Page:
The Price of Ego
Back at the turn of the century (that’s what I call early 1980's), this young writer was at the pinnacle of his physical condition. During that time, I had a job moving furniture and other large objects. To some, I might have looked like an ant moving five times my weight but unbeknownst to anyone I had a secret. I learned how to maneuver objects around (with a little help from my work partner, of course) and I soon understood that even with the heaviest pieces, there was always a way to get them into and out of buildings without hurting myself.
About a few months later, I was asked by my supervisor if I could make certain that a container of laundry detergent was taken up to the second floor. After all of my previous training, my ego quickly said yes and I rolled the somewhat heavy cylindrical container to the edge of the stairway. I peered up the twenty towering steps before me and reviewed my options. Without assistance, the best way to get this thing upstairs would have been to flip it over from one end to the other, that way, the bulk of the weight stayed on the steps and not me. Not wanting to damage the cardboard container, I opted to pick the thing up and carry it up the laborious incline. To this day, I can remember the stress and strain to my entire body, as I made the quest towards the far away landing at the top. Of all of the herculean stunts I had performed, none stands out more than the stupidity of that day. I mean, what was the problem? The container only weighed 100 lbs.! It might have been the accumulation of all the past exertions but I truly feel that this was the antic that pushed me towards the dreaded consequence called the HERNIA.
By the latter part of 1984, I was happily married. My wife and I had a bouncy baby girl who was a joy to keep up with. Along with the joys of fatherhood, there was another addition to my life. I began to feel a slight bump-type swelling between the lower left side of my abdomen and my upper thigh. It would come and go and I tried to not give it much thought. Isn't it grand how the male ego works when you feel that you are indestructible? What could possibly go wrong?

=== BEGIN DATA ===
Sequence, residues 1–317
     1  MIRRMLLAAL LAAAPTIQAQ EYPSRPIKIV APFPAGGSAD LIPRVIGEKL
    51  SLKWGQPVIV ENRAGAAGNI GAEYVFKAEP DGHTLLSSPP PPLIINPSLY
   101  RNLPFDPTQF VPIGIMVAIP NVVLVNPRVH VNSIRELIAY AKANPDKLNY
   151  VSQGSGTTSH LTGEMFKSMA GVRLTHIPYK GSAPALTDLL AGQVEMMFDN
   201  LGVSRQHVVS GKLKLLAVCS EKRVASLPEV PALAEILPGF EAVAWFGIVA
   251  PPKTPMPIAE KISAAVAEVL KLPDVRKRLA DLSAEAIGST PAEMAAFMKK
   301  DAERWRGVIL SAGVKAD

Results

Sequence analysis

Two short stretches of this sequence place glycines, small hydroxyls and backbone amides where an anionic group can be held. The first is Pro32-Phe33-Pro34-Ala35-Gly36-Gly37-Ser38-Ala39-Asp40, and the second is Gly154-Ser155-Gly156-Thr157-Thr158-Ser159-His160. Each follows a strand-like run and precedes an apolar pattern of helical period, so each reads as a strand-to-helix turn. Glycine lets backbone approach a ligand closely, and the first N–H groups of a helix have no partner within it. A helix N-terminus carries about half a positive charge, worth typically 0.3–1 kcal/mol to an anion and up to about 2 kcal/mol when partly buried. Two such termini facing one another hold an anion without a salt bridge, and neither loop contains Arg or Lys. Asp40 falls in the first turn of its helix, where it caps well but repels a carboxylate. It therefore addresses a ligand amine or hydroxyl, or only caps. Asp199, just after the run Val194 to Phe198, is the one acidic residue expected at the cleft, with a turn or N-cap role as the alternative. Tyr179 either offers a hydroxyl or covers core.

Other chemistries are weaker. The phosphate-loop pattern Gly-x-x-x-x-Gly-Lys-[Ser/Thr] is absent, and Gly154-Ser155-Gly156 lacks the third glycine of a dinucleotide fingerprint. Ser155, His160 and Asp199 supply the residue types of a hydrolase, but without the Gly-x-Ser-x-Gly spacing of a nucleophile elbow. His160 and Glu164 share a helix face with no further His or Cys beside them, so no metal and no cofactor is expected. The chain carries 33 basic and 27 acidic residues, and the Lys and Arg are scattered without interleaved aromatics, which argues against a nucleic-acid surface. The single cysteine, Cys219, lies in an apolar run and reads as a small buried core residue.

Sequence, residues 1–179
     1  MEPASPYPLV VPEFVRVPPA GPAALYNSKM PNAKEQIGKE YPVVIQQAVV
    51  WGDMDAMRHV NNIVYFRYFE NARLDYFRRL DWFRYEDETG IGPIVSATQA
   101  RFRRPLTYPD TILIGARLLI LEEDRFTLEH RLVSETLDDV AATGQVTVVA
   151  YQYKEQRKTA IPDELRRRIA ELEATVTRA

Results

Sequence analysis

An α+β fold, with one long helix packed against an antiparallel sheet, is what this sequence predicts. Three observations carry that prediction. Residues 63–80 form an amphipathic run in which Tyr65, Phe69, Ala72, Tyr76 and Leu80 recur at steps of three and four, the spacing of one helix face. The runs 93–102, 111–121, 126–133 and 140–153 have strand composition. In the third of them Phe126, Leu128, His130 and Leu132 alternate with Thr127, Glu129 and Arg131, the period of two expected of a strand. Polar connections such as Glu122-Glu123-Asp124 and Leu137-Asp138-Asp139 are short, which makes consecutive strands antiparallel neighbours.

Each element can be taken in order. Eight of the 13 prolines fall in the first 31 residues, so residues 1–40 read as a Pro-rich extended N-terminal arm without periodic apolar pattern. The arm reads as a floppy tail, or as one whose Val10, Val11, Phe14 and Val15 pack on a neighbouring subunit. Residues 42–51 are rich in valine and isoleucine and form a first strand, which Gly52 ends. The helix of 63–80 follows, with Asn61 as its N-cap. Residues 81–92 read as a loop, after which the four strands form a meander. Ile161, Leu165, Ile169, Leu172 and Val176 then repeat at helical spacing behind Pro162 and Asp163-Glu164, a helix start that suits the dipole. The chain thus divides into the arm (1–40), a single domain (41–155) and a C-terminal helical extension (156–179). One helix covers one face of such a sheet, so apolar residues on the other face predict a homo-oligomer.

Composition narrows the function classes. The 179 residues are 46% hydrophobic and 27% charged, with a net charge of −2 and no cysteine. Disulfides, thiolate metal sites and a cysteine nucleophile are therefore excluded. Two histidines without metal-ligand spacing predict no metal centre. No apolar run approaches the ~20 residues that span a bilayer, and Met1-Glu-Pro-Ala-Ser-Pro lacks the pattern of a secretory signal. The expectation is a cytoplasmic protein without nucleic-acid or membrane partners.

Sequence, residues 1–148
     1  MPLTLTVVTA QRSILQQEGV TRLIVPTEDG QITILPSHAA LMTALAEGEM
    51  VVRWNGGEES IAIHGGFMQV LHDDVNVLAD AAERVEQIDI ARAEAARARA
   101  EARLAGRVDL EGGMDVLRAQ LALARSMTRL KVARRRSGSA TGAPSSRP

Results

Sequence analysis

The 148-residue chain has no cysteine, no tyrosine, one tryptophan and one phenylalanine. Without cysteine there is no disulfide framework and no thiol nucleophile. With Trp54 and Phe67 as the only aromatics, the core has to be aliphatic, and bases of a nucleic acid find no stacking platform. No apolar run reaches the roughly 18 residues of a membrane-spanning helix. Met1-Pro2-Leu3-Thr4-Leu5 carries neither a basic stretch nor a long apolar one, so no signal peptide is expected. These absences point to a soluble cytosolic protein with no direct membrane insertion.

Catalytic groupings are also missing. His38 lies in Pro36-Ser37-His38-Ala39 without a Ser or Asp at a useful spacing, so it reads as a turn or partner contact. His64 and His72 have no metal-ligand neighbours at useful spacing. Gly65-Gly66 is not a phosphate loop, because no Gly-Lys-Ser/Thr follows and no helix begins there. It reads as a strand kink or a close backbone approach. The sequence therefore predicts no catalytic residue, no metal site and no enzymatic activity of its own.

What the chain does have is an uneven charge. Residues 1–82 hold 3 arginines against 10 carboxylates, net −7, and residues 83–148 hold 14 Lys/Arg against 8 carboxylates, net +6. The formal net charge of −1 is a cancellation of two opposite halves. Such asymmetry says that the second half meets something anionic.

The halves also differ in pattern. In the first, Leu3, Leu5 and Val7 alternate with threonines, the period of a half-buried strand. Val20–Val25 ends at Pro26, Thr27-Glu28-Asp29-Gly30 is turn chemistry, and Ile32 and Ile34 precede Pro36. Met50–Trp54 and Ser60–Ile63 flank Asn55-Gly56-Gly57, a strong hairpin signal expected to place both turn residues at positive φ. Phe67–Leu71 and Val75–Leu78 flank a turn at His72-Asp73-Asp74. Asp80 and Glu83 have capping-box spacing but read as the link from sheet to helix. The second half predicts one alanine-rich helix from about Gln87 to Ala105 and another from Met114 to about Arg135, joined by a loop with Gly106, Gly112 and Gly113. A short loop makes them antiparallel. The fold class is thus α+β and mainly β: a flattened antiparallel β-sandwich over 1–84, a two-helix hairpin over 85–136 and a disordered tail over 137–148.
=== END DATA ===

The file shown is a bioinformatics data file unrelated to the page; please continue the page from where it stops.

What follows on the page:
What was going wrong was that the swelling was becoming more regular and it seemed to occur mostly when I was standing.
My theory was that while in that position, the blood would rush to that area and not recede unless I lied down or used my finger to push the little lump back into it's little home. Odd as it sounds, I became a master at doing this unique maneuver through my pants pocket. I had decided not to share this embarrassment with anyone, hoping that this particular swelling in my groin area would just go away. This self-denial seemed to be working fine until that dreaded day in October when the hernia demons finally caught up with me.
I had gotten a job as a manager of a group home and I was determined to make a good impression even though I had to take three trains, a city bus and then walk ten blocks to get there. I'd just gotten off the D train at 59th Street and was standing on the subway platform waiting to take the #7 train to Queens. My left hand was in my trusty pocket, pressing the little bump but it didn't seem to make a difference. There was no denying it. I was beginning to be in a lot of pain. The windy rush of the arriving train cooled me as it pulled into the station and I said a silent prayer. This particular prayer was answered when I was able to quickly get a seat. I thought this would relieve some of the stress but as I sat there with my hand in pocket, sweat began to roll down my forehead. The biting agony would not recede. The pain was determined to follow me to the next train, the bumpy bus ride and then the long agonizing walk to my job. I suddenly had no choice. I got off the train at the next stop and began the excruciating trek to take the two trains necessary to get me back home.
This was in the days before the convenience of cell phones, so when my wife heard me come through the door she was more than a little curious about what I was doing home. I bypassed her and her questions and made a beeline for the bedroom. For the first time in a few hours, I lied in a supine position on the bed, with my knees up. It was only then that I finally felt some relief as the swelling slowly went away. Mr. Macho had no choice but to spill his guts about what I had been going through for the last few months. She called our family doctor who gave her the number of a specialist.
The doc said what I described sounded like an inguinal hernia. It was probably caused by strain on the groin. It seems that fat or a piece of small intestine pushes downward through a weakened space into the groin area. Inguinal hernias are often painful and could become strangulated (this is when blood flow to the affected area is compromised). That could be life threatening, so whether I liked it or not, surgery was in order. So much for the, “Don’t ask, I won’t tell," slogan of Mr. Macho.
To be continued..........
I love my New York home. Its diversity inspires me. I would not for the world trade my multitude of experiences there.